Big Ben, still largely under scaffolding, is one of the few places in parliament where there is work happening right now.
We’ve reached a strange point in the pandemic. A fairly happy holding pattern. Vaccination numbers continue to tick up. Variants of coronavirus need to be monitored, but the fact remains none of them have so far derailed the nation’s fightback. The death toll remains unwaveringly awful, but since it surpassed 100,000 there are few words left to say beyond “horror” and “failure”.
That leaves MPs with little to do.
And it’s no more industrious in the press gallery. Political journalists find their three stock stories – election, reshuffle, PM on a shoogly peg – are currently non-starters. Recent articles suggesting discontent among opposition MPs with Keir Starmer are driven more by the fact the Westminster press pack values soap opera over substance than any threat to the Labour leader.
So the platforms and ladders that encase Big Ben are the only place to go if you seek industry on the parliamentary estate. And the work there says much about parliament and politics.
It’s something of a mystery how the parliamentary authorities achieved the get go on the project. While plans to refurbish the entire Palace of Westminster remain mired in political shenanigans and questions about value for money the Big Ben restoration got under way (and quickly and inevitably ran over budget and behind schedule). And yet that in itself is typical of what’s wrong with Westminster thinking. For while the rest of the building remains liable to flood or fire due to its outrageously shonky plumbing and electrics, then Big Ben itself is in danger. You can see such bitty thinking reflected in policy. For example, the Conservatives plan yet again to reorganise the NHS in England. There’s some merit in unpicking their own reforms of a decade ago but the proposals don’t seem to address the issue of social care. As long as social care policy remains as decrepit as the Palace of Westminster, the NHS – like Big Ben, the bit everyone knows and loves – will be exposed.
But the work on Big Ben speaks to a bigger truth about politics just now, and indeed the state of the nation.
As the restored faces are revealed one of the noticeable changes is that the dial and clock hands have been painted blue. Previously black, the object was apparently to return the clock face to its original colour. But why?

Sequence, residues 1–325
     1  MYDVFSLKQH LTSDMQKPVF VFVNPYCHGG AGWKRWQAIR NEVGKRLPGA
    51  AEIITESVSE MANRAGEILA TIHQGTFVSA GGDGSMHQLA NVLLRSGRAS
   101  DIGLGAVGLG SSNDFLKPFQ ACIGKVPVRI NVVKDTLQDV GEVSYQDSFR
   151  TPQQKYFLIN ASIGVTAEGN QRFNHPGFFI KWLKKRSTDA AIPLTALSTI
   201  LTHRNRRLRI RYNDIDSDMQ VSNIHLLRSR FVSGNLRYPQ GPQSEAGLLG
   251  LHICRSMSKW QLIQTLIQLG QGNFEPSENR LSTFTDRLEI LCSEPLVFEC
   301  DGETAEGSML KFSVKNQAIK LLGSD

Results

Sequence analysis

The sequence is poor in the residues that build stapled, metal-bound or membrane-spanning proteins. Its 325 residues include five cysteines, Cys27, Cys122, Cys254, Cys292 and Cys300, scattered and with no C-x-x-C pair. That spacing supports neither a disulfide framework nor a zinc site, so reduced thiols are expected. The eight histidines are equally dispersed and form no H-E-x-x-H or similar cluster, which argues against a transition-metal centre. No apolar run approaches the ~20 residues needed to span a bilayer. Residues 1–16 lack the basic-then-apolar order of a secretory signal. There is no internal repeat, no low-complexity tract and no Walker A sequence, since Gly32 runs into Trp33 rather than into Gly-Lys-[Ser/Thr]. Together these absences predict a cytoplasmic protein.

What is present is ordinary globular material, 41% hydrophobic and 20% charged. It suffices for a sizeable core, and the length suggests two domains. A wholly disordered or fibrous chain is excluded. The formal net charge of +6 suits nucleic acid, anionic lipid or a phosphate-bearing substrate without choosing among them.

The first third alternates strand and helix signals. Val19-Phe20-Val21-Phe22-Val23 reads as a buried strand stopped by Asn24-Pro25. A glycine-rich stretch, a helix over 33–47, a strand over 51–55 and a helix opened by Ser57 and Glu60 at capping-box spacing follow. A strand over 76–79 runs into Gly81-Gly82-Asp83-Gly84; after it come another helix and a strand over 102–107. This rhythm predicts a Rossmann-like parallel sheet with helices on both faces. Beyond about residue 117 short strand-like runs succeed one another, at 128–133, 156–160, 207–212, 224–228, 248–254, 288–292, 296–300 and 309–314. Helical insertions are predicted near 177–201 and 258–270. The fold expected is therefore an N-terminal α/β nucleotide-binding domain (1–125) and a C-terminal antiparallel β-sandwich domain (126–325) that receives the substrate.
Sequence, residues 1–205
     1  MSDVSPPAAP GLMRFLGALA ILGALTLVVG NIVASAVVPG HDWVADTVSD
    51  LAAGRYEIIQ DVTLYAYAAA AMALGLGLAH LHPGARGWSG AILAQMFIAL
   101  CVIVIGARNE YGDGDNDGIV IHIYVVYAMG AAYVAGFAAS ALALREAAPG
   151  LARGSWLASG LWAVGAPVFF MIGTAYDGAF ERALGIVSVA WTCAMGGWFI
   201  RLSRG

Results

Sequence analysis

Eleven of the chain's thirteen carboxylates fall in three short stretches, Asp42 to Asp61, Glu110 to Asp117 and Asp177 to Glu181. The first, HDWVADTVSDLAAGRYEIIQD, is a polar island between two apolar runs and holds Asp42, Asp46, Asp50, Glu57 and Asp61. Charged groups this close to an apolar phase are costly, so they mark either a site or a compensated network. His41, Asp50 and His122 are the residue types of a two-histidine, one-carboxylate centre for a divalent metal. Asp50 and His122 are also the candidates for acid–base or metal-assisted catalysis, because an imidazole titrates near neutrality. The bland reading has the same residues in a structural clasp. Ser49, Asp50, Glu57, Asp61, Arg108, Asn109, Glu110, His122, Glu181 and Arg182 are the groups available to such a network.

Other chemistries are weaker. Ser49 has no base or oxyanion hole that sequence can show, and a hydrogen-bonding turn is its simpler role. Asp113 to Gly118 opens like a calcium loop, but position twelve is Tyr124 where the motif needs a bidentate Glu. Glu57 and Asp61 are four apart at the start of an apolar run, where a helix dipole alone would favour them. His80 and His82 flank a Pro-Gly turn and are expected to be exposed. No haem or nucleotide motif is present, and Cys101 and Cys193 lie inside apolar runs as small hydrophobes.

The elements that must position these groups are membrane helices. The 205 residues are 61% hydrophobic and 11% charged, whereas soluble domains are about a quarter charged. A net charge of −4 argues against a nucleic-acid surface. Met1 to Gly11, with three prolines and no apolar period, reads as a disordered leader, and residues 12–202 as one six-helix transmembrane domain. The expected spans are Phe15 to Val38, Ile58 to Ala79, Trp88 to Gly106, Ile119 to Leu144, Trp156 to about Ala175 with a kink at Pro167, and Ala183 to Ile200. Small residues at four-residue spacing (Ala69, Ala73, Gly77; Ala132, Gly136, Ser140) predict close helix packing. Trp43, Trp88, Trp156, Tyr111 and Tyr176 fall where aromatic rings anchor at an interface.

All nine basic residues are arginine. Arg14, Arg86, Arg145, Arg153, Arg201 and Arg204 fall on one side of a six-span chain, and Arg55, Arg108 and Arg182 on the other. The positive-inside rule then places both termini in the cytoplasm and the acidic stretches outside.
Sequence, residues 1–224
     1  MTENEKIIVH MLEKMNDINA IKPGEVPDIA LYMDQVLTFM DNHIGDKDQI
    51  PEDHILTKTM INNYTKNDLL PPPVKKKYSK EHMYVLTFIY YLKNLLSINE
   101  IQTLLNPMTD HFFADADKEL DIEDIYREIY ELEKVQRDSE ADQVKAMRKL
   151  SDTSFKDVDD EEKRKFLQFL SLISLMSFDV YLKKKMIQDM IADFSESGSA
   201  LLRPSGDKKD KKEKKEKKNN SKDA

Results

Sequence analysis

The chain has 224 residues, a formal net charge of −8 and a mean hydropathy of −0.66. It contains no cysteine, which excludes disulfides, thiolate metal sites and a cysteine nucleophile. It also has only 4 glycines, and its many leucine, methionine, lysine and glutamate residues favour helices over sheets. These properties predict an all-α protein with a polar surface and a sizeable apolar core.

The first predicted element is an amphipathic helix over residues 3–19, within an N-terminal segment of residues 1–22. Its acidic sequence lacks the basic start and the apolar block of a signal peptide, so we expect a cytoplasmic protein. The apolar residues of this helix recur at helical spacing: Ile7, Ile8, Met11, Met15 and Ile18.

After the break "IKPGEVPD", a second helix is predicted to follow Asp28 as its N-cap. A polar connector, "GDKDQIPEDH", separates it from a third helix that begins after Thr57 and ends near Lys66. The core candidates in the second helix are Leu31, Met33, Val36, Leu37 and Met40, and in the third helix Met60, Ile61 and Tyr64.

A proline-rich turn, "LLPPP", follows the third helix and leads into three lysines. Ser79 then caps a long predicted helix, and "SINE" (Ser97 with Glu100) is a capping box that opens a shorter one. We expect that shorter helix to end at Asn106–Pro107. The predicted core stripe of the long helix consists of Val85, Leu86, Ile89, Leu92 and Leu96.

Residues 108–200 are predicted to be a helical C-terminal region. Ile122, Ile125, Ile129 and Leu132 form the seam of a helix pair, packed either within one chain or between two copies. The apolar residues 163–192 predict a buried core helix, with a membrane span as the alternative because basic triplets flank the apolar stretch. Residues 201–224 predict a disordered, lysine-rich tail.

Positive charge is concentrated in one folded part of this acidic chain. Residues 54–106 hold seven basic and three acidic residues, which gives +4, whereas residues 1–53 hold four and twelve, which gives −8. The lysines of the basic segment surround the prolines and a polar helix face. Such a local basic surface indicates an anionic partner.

Where’s the confidence to do something new and now? The UK seems uniquely bedevilled by a rosy nostalgia as misplaced as it is unhelpful.
Brexit looks like the most obvious example of this tendency, largely supported by the same culture warriors who believe statues are sacrosanct in perpetuity and that history trumps modernity.
Some supporters claimed the entire Brexit project was a forward looking scheme to get Britain out and into the world. That claim both ignored the fundamentals of geography and has been shown up to be nonsense by recent squabbles with the EU over vaccines. Apparently free of Brussels’ shackles too many politicians’ muscle memory leads them back to kicking Europe.
The UK appears like one of those sadly deranged polar bears you used to see walking in circles in foreign zoos. Released into the wild we can only repeat the same behaviours, and that’s no way to thrive.
There was another stooshie recently about government plans to plant thousands of trees. Campaigners warned we must plant the same trees that were there before. Before the dinosaurs? Before the Vikings? Before Milton Keynes?
Time and again policy is focused on the rear view mirror rather than the road ahead.
Politicians hark back to a better past that they didn’t experience. Some dub those of us living through this age the “New Elizabethans”. Even that title relies on echoing a bygone era.
History matters, I’ve a degree in it. It’s important to understand where we came from before plotting a course forward. But we must not be beholden to the past. This matters now more than ever. We’re about to emerge from the worst human tragedy this country has known in almost everyone’s lifetime.
We can then attempt to piece together life exactly as it was before. Or we can forge our own, new, better future.
Work continues on Big Ben. No one seems sure when it’ll finally be finished. I hope that when the scaffolds come off we’ll see that under the shroud the stone was handed over to street artists to decorate as they see fit – a fresh look for a new era. I’ll be disappointed.
James Millar is a political commentator and author and a former Westminster correspondent for The Sunday Post.